NAIOMT May 2010 Symposium
The term ‘Facilitated Segment’ was first introduced by Irvin Korr in 1947 (Korr IM 1947) and supported by his co-worker Denslow J (Denslow JS et al 1947).
The original model proposed was extremely simple. Repetitive, abnormal input of afferents from spinal structures and/or visceral structures would converge on the same segment of the spine. This repeated bombardment would decrease ‘synaptic resistance’ thus making transmission of impulses to the efferent system (skeletal muscle and viscera) easier, i.e, ‘facilitated’.
This would allow lesser degree of afferent input to have a greater efferent output.
This simplistic model was to explain skeletal muscle hypertonicity but also how spinal dysfunction can alter the sympathetic outflow. Apart from trophic changes in segmental skin it was also proposed that altered sympathetic outflow could directly and deleteriously affect systemic organ function.
Since the sympathetic system controls arterial function, for many Osteopaths this theory was validation of Andrew Still’s original concept of ‘The Law of the Artery’ in 1892.
In the early 1980’s Physical Therapy education was being significantly influenced by the Osteopathic profession’s view of neurophysiology. However, from the mid-1980’s many Physical Therapy publications had begun to put forward significant challenges to the concept of ‘The Facilitated Segment’ (Kukulka C 1986; Leone J and Kukulka C 1988; Belanger A 1989; Sullivan S 1991 and 1993).
Criticism also came from within Osteopathy itself (Newham D and Lederman E 1993; Lederman E 1997; Lederman E 2000).
In 2000 Lederman D.O. published a paper within the British Osteopathic Journal and contained the following summary: “In my view the principle of the ‘Facilitated Segment’ has stifled the development of osteopathic neurophysiology for the last 50 years”.
Despite such opposition eminent Osteopaths such as John Upledger remain undaunted. As recently as 2003 Upledger (Upledger J 2003) reinforces the concept of organic dysfunctions secondary to spinal facilitated segments: the heart (T4); stomach (?); gall bladder (T9/10); kidneys (T12/L1); urino-genital (L5).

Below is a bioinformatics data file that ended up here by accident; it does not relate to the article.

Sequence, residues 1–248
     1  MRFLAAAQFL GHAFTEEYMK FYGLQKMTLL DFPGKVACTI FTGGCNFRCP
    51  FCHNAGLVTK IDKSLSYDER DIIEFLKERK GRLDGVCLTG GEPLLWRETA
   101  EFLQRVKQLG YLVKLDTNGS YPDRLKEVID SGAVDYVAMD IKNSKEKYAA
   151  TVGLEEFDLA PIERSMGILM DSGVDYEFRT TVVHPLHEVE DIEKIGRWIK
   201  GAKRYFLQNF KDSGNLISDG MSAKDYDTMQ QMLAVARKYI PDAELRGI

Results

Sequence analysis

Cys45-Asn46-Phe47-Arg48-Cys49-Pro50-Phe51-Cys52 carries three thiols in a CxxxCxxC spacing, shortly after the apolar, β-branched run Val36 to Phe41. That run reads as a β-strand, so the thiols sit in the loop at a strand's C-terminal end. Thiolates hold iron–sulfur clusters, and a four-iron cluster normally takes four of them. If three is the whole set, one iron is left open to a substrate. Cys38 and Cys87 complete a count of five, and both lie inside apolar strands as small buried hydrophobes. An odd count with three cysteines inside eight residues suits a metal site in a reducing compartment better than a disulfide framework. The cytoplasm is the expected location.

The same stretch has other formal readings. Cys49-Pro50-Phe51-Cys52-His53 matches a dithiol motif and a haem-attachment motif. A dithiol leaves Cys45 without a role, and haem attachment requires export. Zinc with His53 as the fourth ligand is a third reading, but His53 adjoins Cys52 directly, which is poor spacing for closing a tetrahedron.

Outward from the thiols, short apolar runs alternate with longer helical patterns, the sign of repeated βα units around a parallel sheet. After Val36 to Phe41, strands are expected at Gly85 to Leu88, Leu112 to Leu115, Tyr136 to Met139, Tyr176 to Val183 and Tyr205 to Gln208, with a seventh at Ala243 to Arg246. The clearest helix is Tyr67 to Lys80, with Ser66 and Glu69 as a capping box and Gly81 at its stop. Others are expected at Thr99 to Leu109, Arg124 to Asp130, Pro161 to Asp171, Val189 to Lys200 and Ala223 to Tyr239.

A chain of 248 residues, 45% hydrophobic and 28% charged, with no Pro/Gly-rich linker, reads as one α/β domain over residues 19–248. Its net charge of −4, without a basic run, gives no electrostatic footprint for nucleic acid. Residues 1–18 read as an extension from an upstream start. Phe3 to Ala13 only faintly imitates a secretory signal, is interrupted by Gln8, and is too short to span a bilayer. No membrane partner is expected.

In this same paper Upledger states that chronic facilitated segments ‘…can continue for years, even contributing to death’.
More modern concepts:
Historically the medical profession has always rejected the Osteopathic claim to be able to treat disease through spinal manipulation. The theoretical model of the facilitated segment would be no exception.
However, medical researchers have always been interested in the phenomena of referred pain and explain it within the neurophysiological model of ‘central sensitization through convergence’ (Bogduk N 1994).
The principles behind central sensitization may initially sound similar to those of the facilitated segment, but with some important differences.
In reviewing the neuroanatomy involved it is recognized that afferent sensory pathways can be divided into 2 main categories: visceral and somatic.
The vast majority of visceral afferents are physiologic. These include baro-receptors, chemo-receptors, cough receptors and receptors from the abdominal and pelvic viscera. Their functions are obviously autonomic control of the body to maintain healthy stasis. They synapse in the lateral horn with pre-ganglionic motor fibres of the sympathetic system.
A very small number of sympathetic afferents are known as ‘silent’ afferents. They arise from visceral nociceptors whose main function is to relay abnormal activity within organs e.g, inflammation, ischaemia. The important thing is that they, unlike their physiologic counterparts primarily synapse in the substantia gelatinosa.
This is the ‘sorting house’ of ALL somatic sensory/nociceptive and visceral nociceptive information from the entire body. Above C2/3 this region expands and becomes known as the cervical nucleus of the trigeminal system.
The substantia gelatinosa (so-called because it houses predominantly cell bodies giving it a gelatinous consistency) is designed as a cellular interactive region with 1st order neurones. It has 8 laminae transversely, but its vertical orientation has not yet been accurately mapped.
Afferent neurones tend to target specific laminae, e.g, A delta fibres target lamina I and V. C fibres target lamina II. A beta fibres target lamina IV etc.
However, there is a tremendous amount of lamina interaction, especially targeting lamina V.